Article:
To conduct a successful lesson we need a detailed description of the instructions about what students should learn and how will they learn it. That means that we as educators should prepare a lesson plan with all objectives, description of teaching and learning activities with list of suitable learning materials.
Usually these elements are presented with different – let’s say files. One includes a lesson plan and the second one includes prepared activities and learning materials in detail. Have you ever considered merging everything together in one source that will serve as a lesson plan, lesson guide for your students and lesson content in one? I’ll show you, how you can do this using a Learning map form.
1. Outline learning objectives
First you should determine what you want your students to learn, why should they learn it and what will they be able to do at the end of the lesson. Provide a short introduction to engage the student using real-world examples, asking questions, etc. For every objective create a single Node of a Learning map – “Objective node”.
It is no secret that a Learning map is based on a mind mapping technique. There are numerous studies available providing evidence of why mind mapping is so effective for all sorts of activities. Majority of them could be applied also on a Learning map. Learning map is actually a version of a mind map used as a teaching aid for designing an online interactive learning content. However, for providing maximum efficiency of a Leaning map we must design it properly. In this post I’ll show you how.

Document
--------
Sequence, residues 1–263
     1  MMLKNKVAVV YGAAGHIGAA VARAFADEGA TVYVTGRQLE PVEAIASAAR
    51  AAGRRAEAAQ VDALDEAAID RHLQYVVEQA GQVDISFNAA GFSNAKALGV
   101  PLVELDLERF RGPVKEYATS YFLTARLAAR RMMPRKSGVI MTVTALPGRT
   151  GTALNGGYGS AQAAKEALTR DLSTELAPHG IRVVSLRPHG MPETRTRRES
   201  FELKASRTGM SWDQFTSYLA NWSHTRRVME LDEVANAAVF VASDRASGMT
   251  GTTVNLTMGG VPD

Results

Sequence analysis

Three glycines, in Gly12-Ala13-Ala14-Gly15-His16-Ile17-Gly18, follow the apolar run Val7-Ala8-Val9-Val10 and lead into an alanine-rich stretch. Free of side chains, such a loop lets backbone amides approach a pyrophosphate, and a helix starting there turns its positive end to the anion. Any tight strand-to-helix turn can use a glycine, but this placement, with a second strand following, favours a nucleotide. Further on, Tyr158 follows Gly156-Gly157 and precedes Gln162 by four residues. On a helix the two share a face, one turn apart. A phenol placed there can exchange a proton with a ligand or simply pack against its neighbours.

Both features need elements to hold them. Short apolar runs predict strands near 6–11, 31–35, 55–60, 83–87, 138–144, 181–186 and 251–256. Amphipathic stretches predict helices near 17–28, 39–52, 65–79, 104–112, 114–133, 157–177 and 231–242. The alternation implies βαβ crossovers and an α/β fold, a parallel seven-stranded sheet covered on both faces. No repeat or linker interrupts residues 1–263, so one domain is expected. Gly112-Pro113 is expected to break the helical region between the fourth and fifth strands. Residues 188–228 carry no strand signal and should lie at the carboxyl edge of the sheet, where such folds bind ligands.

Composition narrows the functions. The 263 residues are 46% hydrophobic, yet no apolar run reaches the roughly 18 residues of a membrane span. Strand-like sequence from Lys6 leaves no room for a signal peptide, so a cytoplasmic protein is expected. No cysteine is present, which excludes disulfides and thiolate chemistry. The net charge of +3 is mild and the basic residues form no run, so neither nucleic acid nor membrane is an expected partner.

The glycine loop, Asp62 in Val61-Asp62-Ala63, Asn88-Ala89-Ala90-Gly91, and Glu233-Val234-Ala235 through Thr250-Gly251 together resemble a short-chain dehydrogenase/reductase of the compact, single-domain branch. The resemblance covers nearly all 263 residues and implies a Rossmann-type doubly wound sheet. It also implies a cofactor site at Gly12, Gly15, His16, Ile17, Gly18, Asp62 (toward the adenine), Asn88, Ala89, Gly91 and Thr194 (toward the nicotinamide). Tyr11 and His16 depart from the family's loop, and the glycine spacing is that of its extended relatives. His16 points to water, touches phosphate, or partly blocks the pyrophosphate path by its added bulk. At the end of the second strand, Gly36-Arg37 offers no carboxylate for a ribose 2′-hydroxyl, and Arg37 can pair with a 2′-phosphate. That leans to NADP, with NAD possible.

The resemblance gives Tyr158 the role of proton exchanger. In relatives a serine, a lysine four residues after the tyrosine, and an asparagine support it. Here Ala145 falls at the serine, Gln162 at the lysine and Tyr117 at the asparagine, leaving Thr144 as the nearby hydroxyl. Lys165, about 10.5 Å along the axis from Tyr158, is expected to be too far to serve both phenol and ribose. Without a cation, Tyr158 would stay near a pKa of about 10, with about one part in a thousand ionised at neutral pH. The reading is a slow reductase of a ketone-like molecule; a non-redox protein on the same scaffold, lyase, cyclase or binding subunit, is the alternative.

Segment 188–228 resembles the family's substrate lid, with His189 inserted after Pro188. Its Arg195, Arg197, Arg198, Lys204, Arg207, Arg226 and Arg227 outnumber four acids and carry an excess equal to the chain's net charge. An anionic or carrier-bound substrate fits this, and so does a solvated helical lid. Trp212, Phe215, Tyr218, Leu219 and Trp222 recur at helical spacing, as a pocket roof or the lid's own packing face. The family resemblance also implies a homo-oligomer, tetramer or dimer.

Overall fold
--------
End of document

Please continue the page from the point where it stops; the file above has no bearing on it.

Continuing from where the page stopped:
Learning map is a graphical representation of a topic that is designed in a way to allow better understanding of the subject matter and increase recall. It’s a common source of learning activities. Student can watch videos, micro lectures, different documents etc. Learning map is also very interactive, because it can include quizzes, discussion boards and other assignments.
The full potential of a Learning map is provided by assigning students to create their own Learning maps to review their understanding of the topic and to build long-term memory. It is up to the student how deep his exploration of a Learning Map will be. The learning path he takes is completely self-controlled.
In this post I’m going to present a simple way to convert your learning/course materials to an interactive learning episode. Instead of using linear heavy information slide mode for presenting an interactive story, I used a form of a Learning map. Yes, you can use Learning map also for storytelling. See the example below.
So, how did I make this?